Skills and School: The Challenges Ahead

By September 13, 2006General

We’ve talked about the “skills gap” in Nebraska and Washington State over the last week. Add Wisconsin to the list of states where the lack of skilled employees is hampering economic growth. (Well, to be accurate, add the entire United States to the list.) The Milwaukee Journal-Sentinel reports:

Scant supplies of certain high-demand skills are particularly glaring among Milwaukee-area manufacturers, said Jonas Prising, president of Manpower North America, based in Glendale.

“We have a skilled labor shortage that is quite significant,” Prising said. “Some vocational skills – welders, specialist machine operators – are in very high demand, and there is a tremendous shortage.”

The NAM is mindful, of course, that you cannot develop the technical skills needed to succeed in manufacturing without having the basic skills to function in life, the kind of skills traditionally represented by a high school degree. The latest OECD report buttresses this obvious point — it is obvious, isn’t it? — with country-by-country findings on the economic significance of graduating from high school.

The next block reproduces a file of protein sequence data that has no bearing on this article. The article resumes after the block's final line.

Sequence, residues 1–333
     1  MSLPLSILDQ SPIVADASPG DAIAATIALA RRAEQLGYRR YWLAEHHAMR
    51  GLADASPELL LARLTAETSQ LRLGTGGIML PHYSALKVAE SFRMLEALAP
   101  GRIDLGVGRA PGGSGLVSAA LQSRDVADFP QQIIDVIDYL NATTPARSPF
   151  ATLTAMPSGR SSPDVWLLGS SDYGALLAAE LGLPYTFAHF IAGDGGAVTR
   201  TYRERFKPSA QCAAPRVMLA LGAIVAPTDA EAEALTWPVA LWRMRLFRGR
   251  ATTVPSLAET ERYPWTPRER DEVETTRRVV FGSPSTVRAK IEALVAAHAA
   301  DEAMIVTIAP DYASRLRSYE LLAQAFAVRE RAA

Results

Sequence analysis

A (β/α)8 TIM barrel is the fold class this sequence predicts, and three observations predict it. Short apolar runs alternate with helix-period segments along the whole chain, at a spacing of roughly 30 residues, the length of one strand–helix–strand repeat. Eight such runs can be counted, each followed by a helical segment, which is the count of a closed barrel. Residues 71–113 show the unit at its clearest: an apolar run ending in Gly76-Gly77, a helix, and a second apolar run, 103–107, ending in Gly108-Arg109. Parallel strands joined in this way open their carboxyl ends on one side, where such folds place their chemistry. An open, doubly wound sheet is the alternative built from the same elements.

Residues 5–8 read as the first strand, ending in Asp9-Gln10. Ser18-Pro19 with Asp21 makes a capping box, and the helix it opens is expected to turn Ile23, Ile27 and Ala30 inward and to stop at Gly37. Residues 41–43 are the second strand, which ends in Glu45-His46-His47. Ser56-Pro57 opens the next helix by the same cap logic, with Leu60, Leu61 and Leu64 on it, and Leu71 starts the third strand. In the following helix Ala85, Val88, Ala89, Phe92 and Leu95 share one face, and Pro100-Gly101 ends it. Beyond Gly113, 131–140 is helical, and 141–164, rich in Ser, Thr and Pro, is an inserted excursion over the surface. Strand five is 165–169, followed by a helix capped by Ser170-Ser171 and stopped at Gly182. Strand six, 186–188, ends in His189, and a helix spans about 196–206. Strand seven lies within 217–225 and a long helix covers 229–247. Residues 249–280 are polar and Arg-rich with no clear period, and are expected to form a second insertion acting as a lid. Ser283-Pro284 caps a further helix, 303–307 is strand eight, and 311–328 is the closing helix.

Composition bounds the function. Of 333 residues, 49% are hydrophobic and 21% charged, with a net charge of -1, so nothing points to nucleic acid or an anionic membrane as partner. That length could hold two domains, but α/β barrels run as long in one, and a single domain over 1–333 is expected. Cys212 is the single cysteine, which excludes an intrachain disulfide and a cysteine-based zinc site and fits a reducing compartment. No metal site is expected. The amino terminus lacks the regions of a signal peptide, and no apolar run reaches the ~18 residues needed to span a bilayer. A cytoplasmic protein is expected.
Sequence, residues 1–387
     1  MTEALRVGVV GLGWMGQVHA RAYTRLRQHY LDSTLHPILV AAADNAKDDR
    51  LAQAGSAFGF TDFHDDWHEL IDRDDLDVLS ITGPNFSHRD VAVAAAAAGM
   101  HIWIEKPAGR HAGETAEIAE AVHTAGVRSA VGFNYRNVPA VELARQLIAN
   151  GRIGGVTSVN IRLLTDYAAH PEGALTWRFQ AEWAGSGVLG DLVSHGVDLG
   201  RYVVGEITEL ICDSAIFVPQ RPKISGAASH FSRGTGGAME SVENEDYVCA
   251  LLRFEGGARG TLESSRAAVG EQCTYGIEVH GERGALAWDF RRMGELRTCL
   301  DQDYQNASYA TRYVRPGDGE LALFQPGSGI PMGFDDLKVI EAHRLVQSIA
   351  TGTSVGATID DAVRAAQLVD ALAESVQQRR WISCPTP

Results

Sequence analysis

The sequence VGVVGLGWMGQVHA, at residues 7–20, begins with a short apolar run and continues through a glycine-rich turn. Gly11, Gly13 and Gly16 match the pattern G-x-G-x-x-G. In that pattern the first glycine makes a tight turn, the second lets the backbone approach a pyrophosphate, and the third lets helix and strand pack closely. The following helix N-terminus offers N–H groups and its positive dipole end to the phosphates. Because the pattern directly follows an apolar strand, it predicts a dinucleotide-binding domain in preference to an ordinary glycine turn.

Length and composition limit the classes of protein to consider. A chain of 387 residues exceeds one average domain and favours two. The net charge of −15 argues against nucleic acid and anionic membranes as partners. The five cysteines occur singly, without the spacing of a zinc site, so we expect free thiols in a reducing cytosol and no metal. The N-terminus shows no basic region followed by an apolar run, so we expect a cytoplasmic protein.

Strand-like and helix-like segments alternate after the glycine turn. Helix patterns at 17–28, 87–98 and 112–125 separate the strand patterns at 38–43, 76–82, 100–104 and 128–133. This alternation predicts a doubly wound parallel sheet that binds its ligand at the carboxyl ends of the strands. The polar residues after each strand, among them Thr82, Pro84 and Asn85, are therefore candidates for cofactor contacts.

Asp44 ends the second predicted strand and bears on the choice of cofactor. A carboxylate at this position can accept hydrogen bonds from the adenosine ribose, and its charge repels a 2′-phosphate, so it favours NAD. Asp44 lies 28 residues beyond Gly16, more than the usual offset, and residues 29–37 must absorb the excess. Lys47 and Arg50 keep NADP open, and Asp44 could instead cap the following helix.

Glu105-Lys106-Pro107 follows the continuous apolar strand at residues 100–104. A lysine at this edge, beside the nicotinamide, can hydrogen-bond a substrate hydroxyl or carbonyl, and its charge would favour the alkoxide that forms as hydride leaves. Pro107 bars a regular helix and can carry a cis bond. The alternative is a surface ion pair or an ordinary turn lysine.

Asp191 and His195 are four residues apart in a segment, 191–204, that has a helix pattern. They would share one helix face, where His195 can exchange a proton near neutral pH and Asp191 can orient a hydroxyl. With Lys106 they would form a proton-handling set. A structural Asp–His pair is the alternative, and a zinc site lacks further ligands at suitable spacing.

From The Associated Press (hat tip to the Oregonian’s AtWork blog ):

Adults who don’t finish high school in the U.S. earn 65 percent of what people who have high school degrees make, according to a new report comparing industrialized nations. No other country had such a severe income gap.

Adults without a high school diploma typically make about 80 percent of the salaries earned by high school graduates in nations across Asia, Europe and elsewhere. Countries such as Finland, Belgium, Germany and Sweden have the smallest gaps in earnings between dropouts and graduates.

The figures come from “Education at a Glance,” an annual study by the Paris-based Organization for Economic Cooperation and Development. The report, released Tuesday, aims to help leaders see how their nations stack up.

To end on a depressing note, consider this fact from the report:

When it comes to money, the nation remains a big spender.

From elementary school through college, the United States spends an average of $12,023 per student. That’s higher than in all countries in the comparison except for Switzerland.

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